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Report: Ratings for Streaming Originals Down to Start 2023; Can Streamers Afford to be Seasonal in Age of Cycling?

David Satin

Original programming is key for any streaming service. Originals help streamers attract new users and to keep the subscribers that they already have, especially if the shows are of good quality and/or come from established IPs. Media companies know this quite well, which is why providers like Disney and Warner Bros. Discovery are so focused on developing new original series and movies based on popular franchises that they already own.

So far in 2023, however, ratings for original series have been down across the streaming industry. A report from Bloomberg's Lucas Shaw indicates that year-over-year ratings for popular streaming originals have fallen around 8%. In the first seven days of February, the top 10 original streaming shows drew a smaller audience than at any point since December 2021.

Shows like Peacock’s “Poker Face” and Prime Video’s “Jack Ryan” are helping to keep the market plugging along, but mega-hits have been few and far between in recent weeks. “The Last of Us” doesn’t technically count, since it appears on the linear HBO channel at the same time it streams on HBO Max every Sunday. The debut of the new season of “The Mandalorian” on Disney+ will assuredly help ratings improve, but as streamers industry-wide slow down their content spends, users might want to get used to a more seasonal, cyclical approach to the release of new series.

But is that really the best path forward for the industry? A recent survey found that 64% of people have signed up for a streaming service solely to watch a single show. The data shows that only 17% of those users cancel the service after finishing that series, but that trend could be changing as the streaming market reaches its saturation point.

Data from a February Samba TV report shows that 69% of American streaming customers are thinking about signing up for a service to watch a single show, then canceling their subscription before being billed for another month. This behavior is called cycling, and it shows why streamers have to be careful about spacing out popular original series too much. On-demand video providers can’t afford to move too closely to live TV streaming services that see big waves of new users during football season, then a rash of cancelations after it ends. Similarly, the traditional linear TV seasonal schedule saw new seasons launch in the fall and wrap up toward the tail-end of summer. Over time, with the advent of cable, more shows launched in early winter, but the summer was always a slow period for TV; streaming services likely can’t afford to take three months off from releasing engaging content.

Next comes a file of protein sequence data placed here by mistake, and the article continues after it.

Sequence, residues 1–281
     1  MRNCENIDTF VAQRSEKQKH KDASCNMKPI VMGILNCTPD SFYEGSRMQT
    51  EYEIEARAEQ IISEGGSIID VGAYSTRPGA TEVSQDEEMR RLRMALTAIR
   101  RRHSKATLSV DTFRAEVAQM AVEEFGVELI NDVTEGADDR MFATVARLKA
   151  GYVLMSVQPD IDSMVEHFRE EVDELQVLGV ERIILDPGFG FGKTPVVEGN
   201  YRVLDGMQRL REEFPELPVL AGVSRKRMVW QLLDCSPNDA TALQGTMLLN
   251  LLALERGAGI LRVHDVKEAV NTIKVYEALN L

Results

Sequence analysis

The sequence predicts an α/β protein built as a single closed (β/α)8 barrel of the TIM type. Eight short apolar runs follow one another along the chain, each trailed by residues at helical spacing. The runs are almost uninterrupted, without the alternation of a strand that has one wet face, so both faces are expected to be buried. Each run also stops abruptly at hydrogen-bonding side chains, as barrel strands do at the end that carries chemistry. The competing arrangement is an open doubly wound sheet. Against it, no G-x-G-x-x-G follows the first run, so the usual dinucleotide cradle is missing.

However, that also doesn’t mean that streaming services can afford to turn out a new, major hit original series every month. Netflix’s bosses might want to release a “Squid Game” or “Wednesday” every week, but the data from Bloomberg highlights the importance of streaming services having a big library of archival content to fall back on. Creating hit originals is expensive, and there are more places to see new shows than ever before, so streamers have to be strategic with their new release schedules.

The risk of cycling ensures that on-demand streaming won’t adopt the seasonal patterns of live TV, despite the expense of keeping content coming all year. The first couple of months of 2023 may have seen a slowdown in new original streaming releases, but users shouldn’t expect to see a trend of streamers only releasing new series at specific times of the year.


Netflix is a subscription video streaming service that includes on-demand access to 3,000+ movies, 2,000+ TV Shows, and Netflix Originals like Stranger Things, Squid Game, The Crown, Tiger King, and Bridgerton. They are constantly adding new shows and movies. Some of their Academy Award-winning exclusives include Roma, Marriage Story, Mank, and Ma Rainey’s Black Bottom.

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Netflix spends more money on content than any other streaming service meaning that you get more value for the monthly fee.


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